Svengali and Kubricks, from a comedy to surreality, they’re two quite different productions aren’t they? I kinda feel Svengali could be a hit, and yeah I’m in it acting but to me its just me being ‘me’, you know, great fun though. Johnny Owen who wrote the film is a real good friend of mine and he told me I’m quite good at it (laughs) so that’ll do me.
Really looking forward to the upcoming biography, Creation Stories, how far are you with it at the moment?
Yeah, it’s called Creation Stories and it’s due to be released for November and coming out on Pan Macmillan and we’re at the first editing stage. Pan McMillan love it and I’ve had some great feedback from those who have already read it so it’s off to a good start. It’s an honest book by which I mean there’s a lot of stuff that nobody has heard me talk about before, I don’t mean salacious gossip but a lot of stuff that I feel I’ve never really admitted to myself before. I suppose a lot of it is me having a look at myself and how and why things happened the way they did, and just being honest about them.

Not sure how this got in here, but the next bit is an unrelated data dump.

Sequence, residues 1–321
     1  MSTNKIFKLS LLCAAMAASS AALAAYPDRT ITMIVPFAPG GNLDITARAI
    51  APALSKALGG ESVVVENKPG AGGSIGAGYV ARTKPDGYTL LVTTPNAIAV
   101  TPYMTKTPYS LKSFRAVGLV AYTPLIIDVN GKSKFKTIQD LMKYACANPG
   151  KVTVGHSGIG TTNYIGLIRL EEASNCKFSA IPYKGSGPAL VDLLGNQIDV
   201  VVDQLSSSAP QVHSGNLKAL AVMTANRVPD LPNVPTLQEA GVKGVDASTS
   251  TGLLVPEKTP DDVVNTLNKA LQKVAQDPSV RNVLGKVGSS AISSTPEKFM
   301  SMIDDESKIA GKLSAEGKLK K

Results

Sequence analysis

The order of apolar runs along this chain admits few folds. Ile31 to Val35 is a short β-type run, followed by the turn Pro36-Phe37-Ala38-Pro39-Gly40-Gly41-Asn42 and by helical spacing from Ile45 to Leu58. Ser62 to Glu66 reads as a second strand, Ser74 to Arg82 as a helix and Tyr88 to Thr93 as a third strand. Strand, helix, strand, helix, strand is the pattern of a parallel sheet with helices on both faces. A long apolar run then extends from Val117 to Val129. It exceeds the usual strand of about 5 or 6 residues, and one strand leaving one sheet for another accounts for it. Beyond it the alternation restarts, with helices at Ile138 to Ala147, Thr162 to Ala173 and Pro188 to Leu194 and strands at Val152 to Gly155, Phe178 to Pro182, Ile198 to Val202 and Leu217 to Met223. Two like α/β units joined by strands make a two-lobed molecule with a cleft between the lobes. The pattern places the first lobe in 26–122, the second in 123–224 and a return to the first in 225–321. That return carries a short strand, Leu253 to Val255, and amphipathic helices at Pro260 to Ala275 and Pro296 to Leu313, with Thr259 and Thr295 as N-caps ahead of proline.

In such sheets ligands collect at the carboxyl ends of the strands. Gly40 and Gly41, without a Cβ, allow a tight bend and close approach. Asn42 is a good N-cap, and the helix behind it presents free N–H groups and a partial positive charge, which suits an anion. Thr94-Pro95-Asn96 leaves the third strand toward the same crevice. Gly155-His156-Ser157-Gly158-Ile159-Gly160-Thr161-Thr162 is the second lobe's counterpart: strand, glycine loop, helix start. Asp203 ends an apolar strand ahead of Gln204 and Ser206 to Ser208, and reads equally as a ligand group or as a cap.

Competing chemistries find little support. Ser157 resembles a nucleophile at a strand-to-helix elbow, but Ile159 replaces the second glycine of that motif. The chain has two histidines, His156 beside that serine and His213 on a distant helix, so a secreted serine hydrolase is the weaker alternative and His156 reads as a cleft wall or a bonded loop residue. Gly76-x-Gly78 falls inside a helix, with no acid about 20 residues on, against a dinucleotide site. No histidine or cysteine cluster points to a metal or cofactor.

Both the highs and the lows?
Yeah, and I’d say L.A was probably my mid-life crisis, but like a I say there’s a lot of stuff in there that I’ve never covered or talked about before, like things from my childhood. But a lot of it is just because I wouldn’t give in, keeping on til I got what I wanted which I feel comes across a lot in the book.
Lastly Alan, what’s the chances of you walking into another midweek gig and finding the next ‘important’ British rock’n’roll group?
AM; I don’t think its something that could be repeated to be honest, Oasis were the last of that type of phenomenon. With 359 I’m just happy to put out records that I’m into and really like, which you like, which John Robb likes, which we all like, you know…and if I can do that I’ll be happy.
All words by Carl Stanley. More of Carl’s writing on Louder Than War can be found in his author’s archive.